Editorial: Solar eclipse unites Johnson County, if only briefly

For a little more than four minutes Monday, nothing else mattered.

Across Indiana and Johnson County, our eyes turned skyward as the moon moved across the face of the sun. The view was breathtaking, and for a moment there was silence.

Then there were cheers of joy as it set in that the moment of a lifetime was finally here.

Some shed tears at the beauty of the moment and the reminder that life is fragile and the sun is so key to our existence.

Thousands of people from across the county — residents, tourists and those just happening to pass through — paused and took off their eclipse glasses to marvel at the blocked-out sun and its corona during those few minutes of totality.

The moment left everyone in awe, but also served as a showing of something considered rare in today’s polarized world: unity.

During those four minutes, people of different beliefs, races, religions, communities, and more came together to experience the celestial wonder of the total solar eclipse.

It is often said by those in the national media that America is more divided than ever. It has also been said social media is an “echo chamber” which can lead to more polarization. NPR even reported in 2022 that the polarizing nature of social media was “speeding up,” and that algorithms tend to steer users toward outrage.

While these issues continue to come up — and sometimes are even debated — during the four minutes of totality they were on the back-burner. No thought about politics, division or the state of the world for those few minutes.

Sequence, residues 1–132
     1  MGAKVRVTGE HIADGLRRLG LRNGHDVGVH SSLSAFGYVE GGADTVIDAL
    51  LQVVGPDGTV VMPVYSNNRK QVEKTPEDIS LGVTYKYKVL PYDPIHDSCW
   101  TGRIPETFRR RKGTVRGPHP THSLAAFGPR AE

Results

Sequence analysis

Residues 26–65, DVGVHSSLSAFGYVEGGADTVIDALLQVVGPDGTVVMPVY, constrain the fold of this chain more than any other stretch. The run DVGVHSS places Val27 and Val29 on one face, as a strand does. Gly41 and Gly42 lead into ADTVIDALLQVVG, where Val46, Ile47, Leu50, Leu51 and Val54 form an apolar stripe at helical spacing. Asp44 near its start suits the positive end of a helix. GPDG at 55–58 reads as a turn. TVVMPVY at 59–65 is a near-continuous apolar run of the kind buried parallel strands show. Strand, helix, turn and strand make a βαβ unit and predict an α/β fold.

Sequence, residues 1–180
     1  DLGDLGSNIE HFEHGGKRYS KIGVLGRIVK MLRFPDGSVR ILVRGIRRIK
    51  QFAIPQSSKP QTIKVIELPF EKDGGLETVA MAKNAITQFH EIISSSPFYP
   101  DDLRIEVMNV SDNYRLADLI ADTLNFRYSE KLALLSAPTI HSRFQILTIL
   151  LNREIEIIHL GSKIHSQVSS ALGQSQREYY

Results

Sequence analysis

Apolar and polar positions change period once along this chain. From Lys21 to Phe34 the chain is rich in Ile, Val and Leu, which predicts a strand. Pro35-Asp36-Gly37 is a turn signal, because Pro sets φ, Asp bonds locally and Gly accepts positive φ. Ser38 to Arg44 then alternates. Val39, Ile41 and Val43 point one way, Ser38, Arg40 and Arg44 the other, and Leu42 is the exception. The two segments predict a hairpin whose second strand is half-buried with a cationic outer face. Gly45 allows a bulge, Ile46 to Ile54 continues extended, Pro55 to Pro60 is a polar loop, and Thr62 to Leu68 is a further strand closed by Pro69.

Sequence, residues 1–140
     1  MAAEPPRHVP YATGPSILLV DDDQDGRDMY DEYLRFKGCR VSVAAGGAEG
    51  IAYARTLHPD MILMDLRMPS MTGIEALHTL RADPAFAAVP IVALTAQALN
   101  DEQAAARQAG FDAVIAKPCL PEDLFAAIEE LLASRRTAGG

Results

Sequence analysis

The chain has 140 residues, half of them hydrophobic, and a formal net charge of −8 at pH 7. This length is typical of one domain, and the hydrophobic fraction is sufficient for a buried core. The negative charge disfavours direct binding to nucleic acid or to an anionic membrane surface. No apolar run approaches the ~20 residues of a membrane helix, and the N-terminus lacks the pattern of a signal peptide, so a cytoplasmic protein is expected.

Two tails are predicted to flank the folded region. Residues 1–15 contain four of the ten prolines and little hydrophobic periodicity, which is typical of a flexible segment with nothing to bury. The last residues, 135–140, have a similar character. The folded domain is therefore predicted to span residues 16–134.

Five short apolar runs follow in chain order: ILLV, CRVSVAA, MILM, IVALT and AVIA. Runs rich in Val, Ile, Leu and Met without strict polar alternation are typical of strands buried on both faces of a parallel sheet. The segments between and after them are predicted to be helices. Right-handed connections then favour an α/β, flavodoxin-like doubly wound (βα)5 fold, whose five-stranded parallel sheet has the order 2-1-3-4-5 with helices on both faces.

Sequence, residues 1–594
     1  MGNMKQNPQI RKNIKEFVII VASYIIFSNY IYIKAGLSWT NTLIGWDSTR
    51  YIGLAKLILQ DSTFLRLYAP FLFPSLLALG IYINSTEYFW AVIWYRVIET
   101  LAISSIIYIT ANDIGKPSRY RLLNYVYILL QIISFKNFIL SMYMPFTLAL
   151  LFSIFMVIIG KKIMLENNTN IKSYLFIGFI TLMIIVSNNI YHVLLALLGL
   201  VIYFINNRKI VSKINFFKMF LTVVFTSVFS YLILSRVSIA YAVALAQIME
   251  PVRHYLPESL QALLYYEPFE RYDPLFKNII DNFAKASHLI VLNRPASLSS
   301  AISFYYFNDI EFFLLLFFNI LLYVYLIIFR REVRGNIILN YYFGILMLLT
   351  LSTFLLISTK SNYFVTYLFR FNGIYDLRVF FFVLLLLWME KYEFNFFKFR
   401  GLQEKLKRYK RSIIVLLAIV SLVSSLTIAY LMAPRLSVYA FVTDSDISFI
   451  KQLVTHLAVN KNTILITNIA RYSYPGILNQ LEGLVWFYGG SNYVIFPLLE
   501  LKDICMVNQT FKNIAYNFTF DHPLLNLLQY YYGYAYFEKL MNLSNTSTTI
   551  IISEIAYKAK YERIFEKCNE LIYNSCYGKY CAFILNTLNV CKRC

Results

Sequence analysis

People were not on social media apps and websites to complain during totality. Instead, they used their phones to take pictures or videos of the eclipse.

Some didn’t even use their phones at all — instead taking a moment to just enjoy the cosmic wonder, or to share in the moment with the friends, family and strangers around them.

Although the eclipse has passed and the next chance for county residents to again experience something like this at home isn’t until 2153, perhaps it could serve as a reminder that, despite our differences and issues, there are still some things that rise above them all to unify us.

Let the total solar eclipse not be the last time you take a moment to unplug and connect with others. Being in nature, singing along with others at concerts, worshipping with others at church and volunteering are all ways to get the same type of outlet any day.

Though it is easier to sit and stew on things happening online or endlessly scroll YouTube or TikTok, getting offline and making these connections is worth the effort.

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